Q: A man at our parish took the Eucharist home and [desecrated It], and now refuses to hand the Host over to the priest or even admit that what he did is wrong. We know that our clergy are actively involved, they have informed him that this is an excommunicable crime … we parishioners are praying for a positive resolution.
We don’t want to pester our priest with questions. We know his discussions with the man are private, but we are just curious about the law. Could you explain what, procedurally, the man and/or our priest will need to do to get the excommunication formally removed? … Does the excommunication automatically disappear once he repents and returns the Host, or is there more to it? –Meredith
A: In “How Does an Excommunicated Catholic Have the Sanction Lifted? (Part I),” we saw that the procedure to have a sanction like excommunication remitted, so that a Catholic can return to full communion with the Church, is not always the same because it depends on several different factors. We looked at all of the possible scenarios except one: crimes involving sanctions which are reserved to the Apostolic See. Let’s first look at this category of sanctions and then we’ll be able to address Meredith’s specific question, since it is directly related.
In “Excommunication and Bad-Mouthing the Pope,” you’ll find a list of the seven excommunicable offenses which are reserved to the Holy See. Five of them are listed right in the Code of Canon Law; the other two were added later, in separate documents after the promulgation of the code in 1983. The phrase “reserved to the Apostolic See” pertains not to the way that the penalty is incurred, but to the way it is lifted when the sanctioned person repents.
Most sanctions like excommunication are not reserved to the Apostolic See. Speaking broadly, the diocesan bishop can ordinarily remit them as per canon 1355, as was discussed at length in Part I. In some circumstances, as we saw in Part I, any bishop can lift a sanction in the confessional (c. 1355.2). We also saw that in certain cases an excommunication can be lifted by a priest in the course of a confession, provided that the penitent agrees to make recourse to the bishop within one month (c. 1357.2). The priest-confessor can even contact the bishop himself, and ask for the lifting of the excommunication without identifying the penitent by name—and the priest can arrange to meet again with the penitent at some point in the near future so that the confessor can relay the bishop’s response.
But none of these procedural possibilities is an option, if the sanction is reserved to the Holy See. The point of reserving certain delicts to the Holy See is to show the true gravity of the crime involved—and it also ensures that Rome knows when/where/who committed it and now repents of it. That’s because in these cases, your diocesan bishop cannot remit the excommunication in accord with canon 1355, as noted above. The excommunicated Catholic is expected to petition the Vatican for the lifting of the sanction, and the appropriate Vatican official does so formally, and in writing.
As was mentioned in Part I, there are plenty of Catholics out there who don’t know how to get in touch with their own diocesan bishop—so how would they possibly understand how to go about contacting the Vatican to ask for their excommunication to be lifted? On the surface it sounds like a surefire way to keep them from ever getting their sanction remitted, doesn’t it? Fortunately, the same canon 1357 which was addressed in Part I is also applicable to sanctions reserved to the Apostolic See. An excommunicated Catholic who committed a delict that is reserved to the Holy See, and who now expresses contrition for his crime and wants to have his sanction lifted, can go to confession to any confessor, and the priest can remit the penalty right there in the confessional, on the spot—but once again, this is provided that the penitent agrees to petition Rome to have the sanction lifted. And once again, the confessor himself can help the person to do this, contacting Rome on the penitent’s behalf if the penitent wishes, and explaining that the penitent has demonstrated that he regrets commission of the excommunicable offense and wants to return to full communion with the Church. Naturally it will be necessary to wait some time before the response arrives in the mail; but as was just noted, the excommunicated Catholic has already had the sanction lifted in the course of his confession.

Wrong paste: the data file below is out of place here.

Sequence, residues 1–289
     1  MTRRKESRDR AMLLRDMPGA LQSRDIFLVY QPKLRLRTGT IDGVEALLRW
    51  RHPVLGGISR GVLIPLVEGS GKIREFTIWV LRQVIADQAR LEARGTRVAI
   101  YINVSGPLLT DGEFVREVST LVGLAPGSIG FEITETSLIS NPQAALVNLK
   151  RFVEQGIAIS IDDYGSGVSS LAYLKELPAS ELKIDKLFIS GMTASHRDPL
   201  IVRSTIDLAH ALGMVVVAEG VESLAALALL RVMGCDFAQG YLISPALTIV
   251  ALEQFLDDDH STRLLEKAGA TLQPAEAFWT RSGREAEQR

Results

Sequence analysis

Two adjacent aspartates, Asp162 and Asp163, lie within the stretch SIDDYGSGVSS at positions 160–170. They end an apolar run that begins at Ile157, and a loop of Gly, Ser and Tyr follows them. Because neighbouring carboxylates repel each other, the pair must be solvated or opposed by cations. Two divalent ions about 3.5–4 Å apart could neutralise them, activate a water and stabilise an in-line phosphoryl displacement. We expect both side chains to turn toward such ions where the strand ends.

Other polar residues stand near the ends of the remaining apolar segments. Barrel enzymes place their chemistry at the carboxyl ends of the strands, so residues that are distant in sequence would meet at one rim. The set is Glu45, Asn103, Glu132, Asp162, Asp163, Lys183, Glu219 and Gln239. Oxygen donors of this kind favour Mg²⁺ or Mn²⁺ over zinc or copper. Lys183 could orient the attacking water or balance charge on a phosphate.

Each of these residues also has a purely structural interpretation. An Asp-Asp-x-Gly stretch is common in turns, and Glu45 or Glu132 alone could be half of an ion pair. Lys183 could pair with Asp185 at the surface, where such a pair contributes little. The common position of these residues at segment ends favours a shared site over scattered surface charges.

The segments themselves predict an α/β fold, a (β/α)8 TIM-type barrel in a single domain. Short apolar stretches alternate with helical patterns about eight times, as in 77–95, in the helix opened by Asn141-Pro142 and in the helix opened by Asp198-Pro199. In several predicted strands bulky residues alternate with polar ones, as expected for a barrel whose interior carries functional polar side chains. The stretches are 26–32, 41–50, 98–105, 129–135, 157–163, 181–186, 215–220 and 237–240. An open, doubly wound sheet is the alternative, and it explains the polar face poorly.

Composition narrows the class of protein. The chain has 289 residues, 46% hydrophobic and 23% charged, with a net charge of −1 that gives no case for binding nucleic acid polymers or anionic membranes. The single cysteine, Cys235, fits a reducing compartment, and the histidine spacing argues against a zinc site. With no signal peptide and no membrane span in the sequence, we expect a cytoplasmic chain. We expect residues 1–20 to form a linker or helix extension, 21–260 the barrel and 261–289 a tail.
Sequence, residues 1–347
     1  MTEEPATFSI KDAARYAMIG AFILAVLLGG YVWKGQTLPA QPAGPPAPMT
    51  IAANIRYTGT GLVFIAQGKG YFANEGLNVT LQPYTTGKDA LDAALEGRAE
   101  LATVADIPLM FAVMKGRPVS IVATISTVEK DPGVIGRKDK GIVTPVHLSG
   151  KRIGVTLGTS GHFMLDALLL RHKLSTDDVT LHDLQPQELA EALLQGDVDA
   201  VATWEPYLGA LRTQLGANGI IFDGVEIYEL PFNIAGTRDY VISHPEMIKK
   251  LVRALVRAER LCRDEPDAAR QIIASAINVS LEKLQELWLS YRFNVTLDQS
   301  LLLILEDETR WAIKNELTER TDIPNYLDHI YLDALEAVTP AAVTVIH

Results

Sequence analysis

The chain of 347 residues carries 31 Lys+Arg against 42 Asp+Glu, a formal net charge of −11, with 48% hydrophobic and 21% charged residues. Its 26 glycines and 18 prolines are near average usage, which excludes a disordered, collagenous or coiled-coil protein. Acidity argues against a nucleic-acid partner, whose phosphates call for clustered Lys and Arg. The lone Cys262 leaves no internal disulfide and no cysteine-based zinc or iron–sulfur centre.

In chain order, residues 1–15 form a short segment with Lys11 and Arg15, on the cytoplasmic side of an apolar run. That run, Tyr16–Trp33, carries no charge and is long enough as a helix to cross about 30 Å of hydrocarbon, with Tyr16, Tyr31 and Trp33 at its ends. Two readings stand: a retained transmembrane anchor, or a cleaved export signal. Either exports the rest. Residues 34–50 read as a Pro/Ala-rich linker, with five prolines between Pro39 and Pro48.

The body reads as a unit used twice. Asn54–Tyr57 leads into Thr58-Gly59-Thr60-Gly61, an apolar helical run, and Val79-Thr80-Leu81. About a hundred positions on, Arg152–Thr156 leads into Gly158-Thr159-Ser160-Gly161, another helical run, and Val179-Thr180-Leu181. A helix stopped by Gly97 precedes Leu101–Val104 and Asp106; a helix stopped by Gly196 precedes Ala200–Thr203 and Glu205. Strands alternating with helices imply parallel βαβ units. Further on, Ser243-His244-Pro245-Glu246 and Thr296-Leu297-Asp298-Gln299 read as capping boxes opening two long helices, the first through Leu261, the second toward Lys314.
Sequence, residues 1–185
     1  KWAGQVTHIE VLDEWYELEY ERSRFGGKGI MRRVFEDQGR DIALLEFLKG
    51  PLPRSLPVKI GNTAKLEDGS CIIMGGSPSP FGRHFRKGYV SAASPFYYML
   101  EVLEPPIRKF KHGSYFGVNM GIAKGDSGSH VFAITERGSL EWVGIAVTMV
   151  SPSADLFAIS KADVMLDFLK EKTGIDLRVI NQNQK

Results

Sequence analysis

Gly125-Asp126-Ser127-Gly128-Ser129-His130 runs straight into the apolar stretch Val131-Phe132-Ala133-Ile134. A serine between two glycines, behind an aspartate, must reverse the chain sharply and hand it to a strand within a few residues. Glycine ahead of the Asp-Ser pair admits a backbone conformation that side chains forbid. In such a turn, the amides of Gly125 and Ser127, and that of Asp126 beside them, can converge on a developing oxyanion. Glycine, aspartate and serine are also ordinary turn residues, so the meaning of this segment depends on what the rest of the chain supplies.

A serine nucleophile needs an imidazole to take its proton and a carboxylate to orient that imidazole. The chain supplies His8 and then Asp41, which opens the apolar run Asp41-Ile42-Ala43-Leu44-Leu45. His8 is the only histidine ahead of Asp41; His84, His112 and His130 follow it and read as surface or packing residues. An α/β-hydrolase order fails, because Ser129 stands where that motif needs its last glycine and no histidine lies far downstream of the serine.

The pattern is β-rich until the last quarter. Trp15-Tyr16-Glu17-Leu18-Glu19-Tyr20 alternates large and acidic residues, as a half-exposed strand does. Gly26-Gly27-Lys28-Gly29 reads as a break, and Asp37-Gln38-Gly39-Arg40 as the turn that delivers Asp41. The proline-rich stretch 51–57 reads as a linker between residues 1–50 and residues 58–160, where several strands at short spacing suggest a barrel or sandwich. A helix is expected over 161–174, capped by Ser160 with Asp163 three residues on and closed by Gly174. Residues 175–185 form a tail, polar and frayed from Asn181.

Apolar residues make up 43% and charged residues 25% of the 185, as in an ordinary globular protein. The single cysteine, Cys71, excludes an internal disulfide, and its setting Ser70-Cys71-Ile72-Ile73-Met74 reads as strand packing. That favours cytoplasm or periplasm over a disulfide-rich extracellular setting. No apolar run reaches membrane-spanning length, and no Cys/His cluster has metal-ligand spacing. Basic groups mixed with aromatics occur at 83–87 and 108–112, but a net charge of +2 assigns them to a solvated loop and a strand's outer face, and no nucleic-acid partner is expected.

It could be argued that this procedure is actually pretty simple for the Catholic who incurred the excommunication (in fact, it may be a greater headache for the priest-confessor, who usually has to contact the chancery in order to figure out how to contact Rome on his behalf!). But in recent years it has become even easier, thanks to the 1000 Missionaries of Mercy who were commissioned by Pope Francis in 2016, during the Jubilee Year of Mercy. Briefly put, these priests from around the world were given faculties to remit almost all of the sanctions which are reserved to the Holy See (see “Excommunication and Bad-Mouthing the Pope” for more on this). They can, therefore, lift an excommunication that is reserved to the Holy See on the spot—and because of their special commission from the Pope, there is no need to contact Rome at all. Because they are engaged in ministry in many different countries, if you want a penalty reserved to the Holy See to be lifted, it can often be far less cumbersome to find a priest who is a Missionary of Mercy, than to petition the Vatican.
Originally, the commission which Pope Francis gave to the Missionaries of Mercy was to last only until the end of the Jubilee Year. But on November 20, 2016, the very last day of the Year of Mercy, Pope Francis issued an Apostolic Letter called Misericordia et Misera, in which he extended their faculties indefinitely:
I thank every Missionary of Mercy for this valuable service aimed at rendering effective the grace of forgiveness. This extraordinary ministry does not end with the closing of the Holy Door. I wish it to continue until further notice as a concrete sign that the grace of the Jubilee remains alive and effective the world over. (9)